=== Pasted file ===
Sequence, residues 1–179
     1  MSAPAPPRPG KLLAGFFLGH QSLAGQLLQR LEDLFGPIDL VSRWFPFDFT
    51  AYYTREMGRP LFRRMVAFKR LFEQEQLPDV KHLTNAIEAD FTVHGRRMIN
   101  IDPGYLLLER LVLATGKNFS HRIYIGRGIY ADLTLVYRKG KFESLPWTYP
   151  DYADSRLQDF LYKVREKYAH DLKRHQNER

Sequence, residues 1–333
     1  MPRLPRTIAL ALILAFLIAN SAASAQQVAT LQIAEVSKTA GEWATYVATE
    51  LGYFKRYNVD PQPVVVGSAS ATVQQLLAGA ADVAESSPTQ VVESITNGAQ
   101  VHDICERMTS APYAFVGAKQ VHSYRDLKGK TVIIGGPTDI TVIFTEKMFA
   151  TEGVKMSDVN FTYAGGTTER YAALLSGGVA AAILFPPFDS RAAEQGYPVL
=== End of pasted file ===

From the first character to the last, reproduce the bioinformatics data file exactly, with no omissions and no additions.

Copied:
Sequence, residues 1–179
     1  MSAPAPPRPG KLLAGFFLGH QSLAGQLLQR LEDLFGPIDL VSRWFPFDFT
    51  AYYTREMGRP LFRRMVAFKR LFEQEQLPDV KHLTNAIEAD FTVHGRRMIN
   101  IDPGYLLLER LVLATGKNFS HRIYIGRGIY ADLTLVYRKG KFESLPWTYP
   151  DYADSRLQDF LYKVREKYAH DLKRHQNER

Sequence, residues 1–333
     1  MPRLPRTIAL ALILAFLIAN SAASAQQVAT LQIAEVSKTA GEWATYVATE
    51  LGYFKRYNVD PQPVVVGSAS ATVQQLLAGA ADVAESSPTQ VVESITNGAQ
   101  VHDICERMTS APYAFVGAKQ VHSYRDLKGK TVIIGGPTDI TVIFTEKMFA
   151  TEGVKMSDVN FTYAGGTTER YAALLSGGVA AAILFPPFDS RAAEQGYPVL